The rewards backers receive are instead encouraged to pledge for loot, some digital downloads of music uniquely composed for Critical Role, including a piece written and (partially) performed by the cast. Dice, sticker packs, art prints, cuddly toys, accessories for roleplay and memorabilia, and of course the upper echelons include personalised artwork by Titmouse, producer credits, and when you hit a five figure sum you get a studio tour and more.
Those upper echelon rewards? All gone. I would not be surprised to find a lot of D&D executives towards the top of that list, and possibly Matt Colville himself. The campaign? When I started writing it was at about $2.1 million, it’s now approaching $2.4M, and the campaign started less than five hours ago. IGN managed to squeeze out an article last night a few minutes after the project passed $1M, and I won’t be publishing this for another ten hours, who knows how much money might have poured into the pot. Stretch goals are disappearing, and the twenty-two minute animated short will be treble the length before I go to bed, and will be a feature length film by morning unless pledges slow down.
Sam Riegel and Travis Willingham have apparently been talking to producers for a while, and the attachment of the hobby still makes studios reluctant to engage with projects, presumably offers may have been made with limitations or changes. Crowd funding may lack security for the consumer… fairly certain the same group have ripped me off twice now… but it does put creativity in the hands of those passionate about a project. The CR team have proven time and time again that they are capable of producing high quality content. Here’s to another one.
Oh… there goes $2.5 million!
Side note…! Hot damn, 514% funding on Lasers and Liches!! Go check out this awesome project blending sci-fi and D&D, and adds bonus dinosaurs, perfect for anyone wanting to RP their way through Kung Fury or a Shadowrun Rave. You still have a week to get involved, and there are still stretch goals left to reach.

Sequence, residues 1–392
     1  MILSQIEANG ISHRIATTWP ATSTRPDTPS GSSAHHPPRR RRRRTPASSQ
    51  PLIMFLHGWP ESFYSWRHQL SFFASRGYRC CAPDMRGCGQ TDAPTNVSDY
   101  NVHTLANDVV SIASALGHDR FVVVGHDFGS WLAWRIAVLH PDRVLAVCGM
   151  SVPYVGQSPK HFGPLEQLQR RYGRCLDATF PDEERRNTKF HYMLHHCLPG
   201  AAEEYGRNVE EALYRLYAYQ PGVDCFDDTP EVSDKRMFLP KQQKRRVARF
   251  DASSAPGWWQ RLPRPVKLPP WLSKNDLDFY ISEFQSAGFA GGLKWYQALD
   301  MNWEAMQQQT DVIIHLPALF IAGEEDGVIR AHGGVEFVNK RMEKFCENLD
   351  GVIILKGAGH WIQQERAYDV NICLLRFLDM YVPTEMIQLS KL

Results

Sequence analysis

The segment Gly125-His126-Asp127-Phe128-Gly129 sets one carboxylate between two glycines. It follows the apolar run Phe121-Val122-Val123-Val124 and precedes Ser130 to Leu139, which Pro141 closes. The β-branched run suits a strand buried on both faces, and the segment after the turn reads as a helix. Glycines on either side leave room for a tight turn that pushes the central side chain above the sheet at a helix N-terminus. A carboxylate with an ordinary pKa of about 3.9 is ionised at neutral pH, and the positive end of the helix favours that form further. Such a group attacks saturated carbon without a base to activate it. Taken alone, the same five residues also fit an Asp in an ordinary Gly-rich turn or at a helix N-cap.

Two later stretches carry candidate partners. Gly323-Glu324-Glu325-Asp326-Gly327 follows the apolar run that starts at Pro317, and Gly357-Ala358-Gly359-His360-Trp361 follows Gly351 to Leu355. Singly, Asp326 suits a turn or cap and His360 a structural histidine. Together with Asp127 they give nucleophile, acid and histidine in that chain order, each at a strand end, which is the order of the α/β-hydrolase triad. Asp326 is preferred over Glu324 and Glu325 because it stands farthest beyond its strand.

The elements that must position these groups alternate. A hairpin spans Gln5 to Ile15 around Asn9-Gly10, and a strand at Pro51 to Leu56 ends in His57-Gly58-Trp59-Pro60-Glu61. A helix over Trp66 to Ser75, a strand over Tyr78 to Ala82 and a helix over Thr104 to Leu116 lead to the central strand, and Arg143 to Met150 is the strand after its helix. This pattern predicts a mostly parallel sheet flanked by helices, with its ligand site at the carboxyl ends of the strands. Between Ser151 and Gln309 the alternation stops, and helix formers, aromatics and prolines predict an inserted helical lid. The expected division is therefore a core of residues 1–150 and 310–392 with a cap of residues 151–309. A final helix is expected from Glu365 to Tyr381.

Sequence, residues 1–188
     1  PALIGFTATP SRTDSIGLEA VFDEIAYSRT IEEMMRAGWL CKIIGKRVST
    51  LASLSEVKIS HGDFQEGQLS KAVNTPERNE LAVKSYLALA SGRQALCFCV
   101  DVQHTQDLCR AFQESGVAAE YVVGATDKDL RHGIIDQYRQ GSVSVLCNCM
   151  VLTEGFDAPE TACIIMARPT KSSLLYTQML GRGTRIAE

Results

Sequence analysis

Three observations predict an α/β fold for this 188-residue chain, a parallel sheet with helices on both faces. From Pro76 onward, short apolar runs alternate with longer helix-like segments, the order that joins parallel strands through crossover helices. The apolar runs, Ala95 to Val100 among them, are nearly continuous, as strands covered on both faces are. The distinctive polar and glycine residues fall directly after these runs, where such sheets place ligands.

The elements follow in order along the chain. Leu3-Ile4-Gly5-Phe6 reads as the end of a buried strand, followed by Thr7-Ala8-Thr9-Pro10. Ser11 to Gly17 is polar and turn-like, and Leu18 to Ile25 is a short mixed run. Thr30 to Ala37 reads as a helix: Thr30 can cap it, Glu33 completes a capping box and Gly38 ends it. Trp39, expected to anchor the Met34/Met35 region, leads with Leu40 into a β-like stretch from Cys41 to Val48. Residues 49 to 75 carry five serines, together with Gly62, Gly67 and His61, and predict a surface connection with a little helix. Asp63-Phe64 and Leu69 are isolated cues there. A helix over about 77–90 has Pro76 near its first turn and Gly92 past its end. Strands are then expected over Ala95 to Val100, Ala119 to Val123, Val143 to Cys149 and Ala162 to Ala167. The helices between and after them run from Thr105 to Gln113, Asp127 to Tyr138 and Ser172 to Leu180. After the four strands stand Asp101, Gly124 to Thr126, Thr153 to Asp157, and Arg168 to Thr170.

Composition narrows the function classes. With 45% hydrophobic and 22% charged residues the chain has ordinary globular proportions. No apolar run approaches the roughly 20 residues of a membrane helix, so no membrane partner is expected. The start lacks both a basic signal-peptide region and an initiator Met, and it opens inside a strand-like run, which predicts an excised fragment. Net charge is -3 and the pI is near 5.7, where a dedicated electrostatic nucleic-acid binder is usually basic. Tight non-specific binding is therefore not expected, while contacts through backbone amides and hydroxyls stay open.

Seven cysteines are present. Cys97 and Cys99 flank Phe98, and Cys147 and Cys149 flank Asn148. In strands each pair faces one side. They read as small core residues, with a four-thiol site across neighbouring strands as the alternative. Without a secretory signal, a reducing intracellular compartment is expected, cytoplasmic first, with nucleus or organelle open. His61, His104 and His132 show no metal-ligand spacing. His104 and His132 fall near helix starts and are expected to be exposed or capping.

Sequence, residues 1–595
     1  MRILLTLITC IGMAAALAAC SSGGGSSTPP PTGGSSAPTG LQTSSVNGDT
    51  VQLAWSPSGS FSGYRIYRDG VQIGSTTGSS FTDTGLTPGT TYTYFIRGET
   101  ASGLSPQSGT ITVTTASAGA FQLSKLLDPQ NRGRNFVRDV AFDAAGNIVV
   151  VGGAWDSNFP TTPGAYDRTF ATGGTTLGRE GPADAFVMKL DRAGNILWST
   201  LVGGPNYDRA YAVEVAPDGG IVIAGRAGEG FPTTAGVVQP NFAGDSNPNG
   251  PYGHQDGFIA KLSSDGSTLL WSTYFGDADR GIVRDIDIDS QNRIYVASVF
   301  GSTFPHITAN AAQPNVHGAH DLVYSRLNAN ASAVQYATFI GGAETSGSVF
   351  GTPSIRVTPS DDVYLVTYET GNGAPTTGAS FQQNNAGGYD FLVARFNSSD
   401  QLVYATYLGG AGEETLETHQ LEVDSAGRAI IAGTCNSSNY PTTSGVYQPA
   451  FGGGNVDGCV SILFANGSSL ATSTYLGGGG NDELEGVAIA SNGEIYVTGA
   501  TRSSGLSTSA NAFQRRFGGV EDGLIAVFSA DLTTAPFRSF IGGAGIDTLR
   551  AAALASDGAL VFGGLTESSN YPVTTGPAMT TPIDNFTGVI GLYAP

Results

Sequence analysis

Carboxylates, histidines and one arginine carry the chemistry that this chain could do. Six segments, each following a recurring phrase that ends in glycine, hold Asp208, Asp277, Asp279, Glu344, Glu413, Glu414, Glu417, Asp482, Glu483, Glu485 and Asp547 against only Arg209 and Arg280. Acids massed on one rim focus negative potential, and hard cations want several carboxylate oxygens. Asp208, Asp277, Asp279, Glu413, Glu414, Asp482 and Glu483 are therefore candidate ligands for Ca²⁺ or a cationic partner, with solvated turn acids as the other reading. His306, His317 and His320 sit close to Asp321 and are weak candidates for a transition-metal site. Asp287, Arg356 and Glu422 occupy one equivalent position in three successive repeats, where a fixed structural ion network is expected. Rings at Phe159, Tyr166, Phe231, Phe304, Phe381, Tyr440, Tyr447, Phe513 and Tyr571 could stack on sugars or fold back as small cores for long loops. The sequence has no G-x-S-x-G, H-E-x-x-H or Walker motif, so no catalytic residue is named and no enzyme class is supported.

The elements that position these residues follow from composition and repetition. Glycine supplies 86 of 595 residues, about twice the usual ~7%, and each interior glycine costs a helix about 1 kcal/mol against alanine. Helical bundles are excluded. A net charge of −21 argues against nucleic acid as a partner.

~Text message from Tim~
What do you mean it was made by a “different Chris”?
This article has a weird back story so bear with me! I was just relaxing one evening and looking through my notifications and noticed I had a new follower on Twitter. Now I usually am quite curious about people who follow me on Twitter. I wonder if they don’t know me personally then I wonder which bit of random content bought them to me. So I begin to head down the so-called rabbit hole which led me to somewhere rather interesting.
You know, I’ve been struggling to put my finger on it, but I think I’m there now. There’s something that fascinates and infuriates me about the way people work. No, I don’t just mean the way people go into work every day, clock in, do their usual stuff and clock out. I mean from a technological standpoint, there’s something interesting and novel about working through cloud-based systems. Yet, here we are, in 2019, with an ever more connected world – and I don’t think we’re fully there yet.
In the past, many of you will have seen me put out videos for us. I used to run a series of Stonekeep videos, which I absolutely have to pick back up and finish. I also used to edit interviews and more, often to relatively quick timescales. Having made so many videos now, it’s unsurprising that occasionally my day job gets me to do editing for their corporate videos as well. This isn’t a problem to me, I quite enjoy doing the work… To the point where I figured today would be a good time to chat about video editing, Wondershare Filmora and alternatives for those on even tighter budgets.
Article title is as good as I can get for this, as it’ll be covered in this article. Amazon are pushing the boat for delivery technologies once again, but they’re not the only company in the world who looks to make delivering your goods and services in a convenient way. However, Amazon recently have been working on some little robots called ‘Scout’, which are currently undergoing an experimental delivery service in the Washington State area. Are robots the future for delivery, or is this doomed to fail? Let’s check out Amazon’s newest venture, but also existing delivery ventures via technology.